Eccentric quasi-isometric training seems to be a valuable tool for targeting specific musculotendinous morphological adaptations such as increased muscle thickness and fascicle length, and tendon stiffness and elasticity. Functional morphology refers to the structure and function of organisms and their specific structural features. Although morphology affects function in all tissues, this review will focus on the musculoskeletal system, which is often broken down into the 3-component model of force transmission (Figure 1) (66). The 3 component model provides insight into the determinants of force production and transmission—the contractile element (CE), series elastic component (SEC), and parallel elastic component (PEC) (69,70,104,126). The PEC, synonymous with the extracellular matrix, includes the elastic tissues surrounding the myofibrils (the endo, peri, and epimysium) as well as the sarcolemma and fascia. These tissues are believedblieved to contribute to sensations of pressure and, although yet to be fully quantified, may play a meaningful role in force transmission between joints and body segments (69,70,104). The SEC encompasses the spring-like tissues in series with actin and myosin, the tendon, and aponeurosis being most obvious. Controversy exists regarding the exact function of the titin myofilament, which seems to play a role in both active and passive force transmission (41,64,68). For example, titin was originally believed to be somewhat innate and only contributes to passive tension in a fully stretched sarcomere (68). However, contemporary research has demonstrated that titin is activated by calcium ions and adenosine triphosphate, contributing to active force transmission (41,64,95). Finally, the CE consists of the myofibril, and more specifically, the myofilaments of actin and myosin.

Figure 1

Figure 1

Back to Top | Article Outline

Contractile Element

Muscle Length and Joint Angle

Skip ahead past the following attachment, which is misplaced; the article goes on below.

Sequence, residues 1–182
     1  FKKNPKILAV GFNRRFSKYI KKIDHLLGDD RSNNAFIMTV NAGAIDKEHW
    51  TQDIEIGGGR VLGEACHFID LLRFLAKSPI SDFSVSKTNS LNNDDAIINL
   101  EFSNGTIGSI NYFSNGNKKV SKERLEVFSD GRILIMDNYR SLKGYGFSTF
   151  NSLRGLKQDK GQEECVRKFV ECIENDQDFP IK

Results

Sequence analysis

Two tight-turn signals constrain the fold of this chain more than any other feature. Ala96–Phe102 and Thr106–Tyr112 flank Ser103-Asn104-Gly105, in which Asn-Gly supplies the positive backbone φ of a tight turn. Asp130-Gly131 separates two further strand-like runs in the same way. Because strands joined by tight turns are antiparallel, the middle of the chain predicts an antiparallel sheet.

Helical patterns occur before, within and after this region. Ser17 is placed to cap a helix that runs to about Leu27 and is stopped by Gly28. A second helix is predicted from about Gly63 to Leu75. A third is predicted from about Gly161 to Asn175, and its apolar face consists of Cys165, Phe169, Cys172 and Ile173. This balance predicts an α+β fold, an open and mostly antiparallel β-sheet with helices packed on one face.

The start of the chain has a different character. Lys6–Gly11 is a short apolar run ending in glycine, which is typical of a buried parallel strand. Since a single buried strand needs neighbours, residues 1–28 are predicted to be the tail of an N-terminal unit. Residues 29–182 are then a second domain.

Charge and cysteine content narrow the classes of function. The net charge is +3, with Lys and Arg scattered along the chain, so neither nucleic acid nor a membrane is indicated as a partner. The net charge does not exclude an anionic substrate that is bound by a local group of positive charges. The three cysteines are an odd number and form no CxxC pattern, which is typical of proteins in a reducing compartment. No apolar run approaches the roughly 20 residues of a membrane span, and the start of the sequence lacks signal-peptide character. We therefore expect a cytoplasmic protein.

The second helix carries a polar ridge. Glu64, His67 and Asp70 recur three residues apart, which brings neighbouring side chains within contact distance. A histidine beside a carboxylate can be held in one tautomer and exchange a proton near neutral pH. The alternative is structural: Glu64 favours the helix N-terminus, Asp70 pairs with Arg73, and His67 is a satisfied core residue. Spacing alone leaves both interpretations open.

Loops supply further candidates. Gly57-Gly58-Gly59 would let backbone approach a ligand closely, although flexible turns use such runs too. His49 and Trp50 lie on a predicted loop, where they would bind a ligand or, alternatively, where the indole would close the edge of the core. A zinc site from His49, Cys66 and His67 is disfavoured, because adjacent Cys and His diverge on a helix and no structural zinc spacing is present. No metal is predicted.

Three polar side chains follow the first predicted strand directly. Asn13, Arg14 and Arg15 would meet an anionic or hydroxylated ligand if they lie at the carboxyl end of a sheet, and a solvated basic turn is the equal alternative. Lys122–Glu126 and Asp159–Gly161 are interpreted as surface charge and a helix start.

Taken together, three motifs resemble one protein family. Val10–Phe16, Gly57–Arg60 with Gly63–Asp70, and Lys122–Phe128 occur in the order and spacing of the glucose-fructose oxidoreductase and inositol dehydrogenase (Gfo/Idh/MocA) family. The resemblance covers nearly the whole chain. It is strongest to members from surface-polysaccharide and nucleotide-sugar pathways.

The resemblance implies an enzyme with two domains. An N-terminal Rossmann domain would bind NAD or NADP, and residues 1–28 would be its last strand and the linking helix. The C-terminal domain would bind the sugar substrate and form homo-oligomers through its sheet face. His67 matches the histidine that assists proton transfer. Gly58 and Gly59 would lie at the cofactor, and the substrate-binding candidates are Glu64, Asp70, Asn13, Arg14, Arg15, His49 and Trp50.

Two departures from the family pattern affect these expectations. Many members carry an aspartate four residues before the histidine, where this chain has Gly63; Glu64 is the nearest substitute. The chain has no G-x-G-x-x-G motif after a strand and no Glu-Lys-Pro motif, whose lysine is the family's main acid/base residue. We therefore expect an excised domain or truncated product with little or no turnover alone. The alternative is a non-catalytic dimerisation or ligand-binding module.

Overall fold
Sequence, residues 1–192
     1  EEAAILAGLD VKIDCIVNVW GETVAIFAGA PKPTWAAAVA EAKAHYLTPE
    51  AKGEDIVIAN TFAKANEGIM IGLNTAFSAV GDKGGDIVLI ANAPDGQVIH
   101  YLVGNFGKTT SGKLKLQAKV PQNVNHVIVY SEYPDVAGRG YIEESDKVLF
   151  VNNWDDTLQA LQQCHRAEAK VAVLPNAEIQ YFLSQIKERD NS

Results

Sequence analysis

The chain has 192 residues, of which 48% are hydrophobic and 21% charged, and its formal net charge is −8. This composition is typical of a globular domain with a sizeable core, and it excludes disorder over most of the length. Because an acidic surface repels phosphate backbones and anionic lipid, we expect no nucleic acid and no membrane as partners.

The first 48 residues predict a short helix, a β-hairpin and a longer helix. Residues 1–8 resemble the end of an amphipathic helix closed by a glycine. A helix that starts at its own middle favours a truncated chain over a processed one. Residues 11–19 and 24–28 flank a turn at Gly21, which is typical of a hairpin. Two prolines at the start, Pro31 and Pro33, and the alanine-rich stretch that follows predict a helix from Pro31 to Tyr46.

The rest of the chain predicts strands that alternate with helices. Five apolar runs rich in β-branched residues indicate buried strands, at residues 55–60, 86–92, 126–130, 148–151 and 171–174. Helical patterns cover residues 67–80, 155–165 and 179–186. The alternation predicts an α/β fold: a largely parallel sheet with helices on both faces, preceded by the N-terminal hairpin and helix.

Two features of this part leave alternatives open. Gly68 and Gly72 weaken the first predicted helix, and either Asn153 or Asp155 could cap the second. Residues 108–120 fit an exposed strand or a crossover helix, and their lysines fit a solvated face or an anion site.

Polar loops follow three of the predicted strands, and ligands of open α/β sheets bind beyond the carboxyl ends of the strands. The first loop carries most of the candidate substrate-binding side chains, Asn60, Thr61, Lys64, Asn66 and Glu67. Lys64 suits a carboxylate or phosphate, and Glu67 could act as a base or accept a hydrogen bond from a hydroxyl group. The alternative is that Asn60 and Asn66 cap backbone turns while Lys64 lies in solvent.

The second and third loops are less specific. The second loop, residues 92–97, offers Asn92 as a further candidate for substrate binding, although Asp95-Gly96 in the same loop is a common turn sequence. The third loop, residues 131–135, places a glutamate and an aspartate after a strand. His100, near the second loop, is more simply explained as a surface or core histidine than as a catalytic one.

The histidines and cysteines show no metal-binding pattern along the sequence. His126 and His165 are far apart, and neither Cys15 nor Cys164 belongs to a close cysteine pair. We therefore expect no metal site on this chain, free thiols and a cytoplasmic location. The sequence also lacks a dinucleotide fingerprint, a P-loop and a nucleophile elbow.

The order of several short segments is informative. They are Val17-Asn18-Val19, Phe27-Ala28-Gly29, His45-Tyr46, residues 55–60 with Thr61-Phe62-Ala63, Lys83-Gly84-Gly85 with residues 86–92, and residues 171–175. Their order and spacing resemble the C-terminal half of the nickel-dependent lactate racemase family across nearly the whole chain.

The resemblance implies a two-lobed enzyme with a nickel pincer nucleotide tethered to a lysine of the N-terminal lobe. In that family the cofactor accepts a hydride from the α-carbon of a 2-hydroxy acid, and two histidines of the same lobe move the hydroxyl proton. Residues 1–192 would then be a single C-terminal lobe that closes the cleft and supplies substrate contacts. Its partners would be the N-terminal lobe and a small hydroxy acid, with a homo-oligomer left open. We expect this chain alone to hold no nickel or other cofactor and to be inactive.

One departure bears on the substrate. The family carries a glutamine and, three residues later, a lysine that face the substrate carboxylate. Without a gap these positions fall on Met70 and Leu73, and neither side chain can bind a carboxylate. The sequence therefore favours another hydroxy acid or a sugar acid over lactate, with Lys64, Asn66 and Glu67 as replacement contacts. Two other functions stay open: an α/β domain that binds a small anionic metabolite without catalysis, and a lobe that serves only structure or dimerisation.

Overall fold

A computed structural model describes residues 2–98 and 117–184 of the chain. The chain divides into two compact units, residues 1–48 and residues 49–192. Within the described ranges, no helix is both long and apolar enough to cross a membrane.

Typically prescribed at long muscle length (LML) and often held through full ROM, EQIs fulfill the scientifically based criteria of mechanical stretch and tension for improving muscular hypertrophy and function. Produced by force generation and stretch, mechanical tension is effective in promoting muscular hypertrophy regardless of contraction type (15,55,137). In animal models, prolonged mechanical tension has been shown to produce dramatic increases in muscle size. For instance, extreme increases in muscle mass (318%), muscle length (51%), mean fiber thickness (39%), and fiber number (82%) were reported after loaded stretching of avian wings over 28 days (9). Similarly, Tabary et al. (155) reported that cat soleus muscles immobilized in a lengthened position had 20% more serial sarcomeres, whereas a shortened soleus group had 40% fewer sarcomeres in series than normal muscle, respectively (155). An increase in muscle hypertrophy of up to 30%, with an increase of up to 250% RNA content in 4 days, was observed after electrically induced overload in stretched rabbit tibialis anterior muscles (55). The effect of mechanical tension on skeletal hypertrophy was examined by Ashida et al. (15) using electrically induced contractions in mice. Peak torque and torque-time integrals were highly correlated with increased muscle mass and mechanistic target of rapamycin (mTOR) regulating p7S6k phosphorylation in isometric contractions and eccentric muscle actions (15). Thus, animal models suggest that loaded stretching may provide a unique stimulus for inducing gene transcription and muscular hypertrophy (55).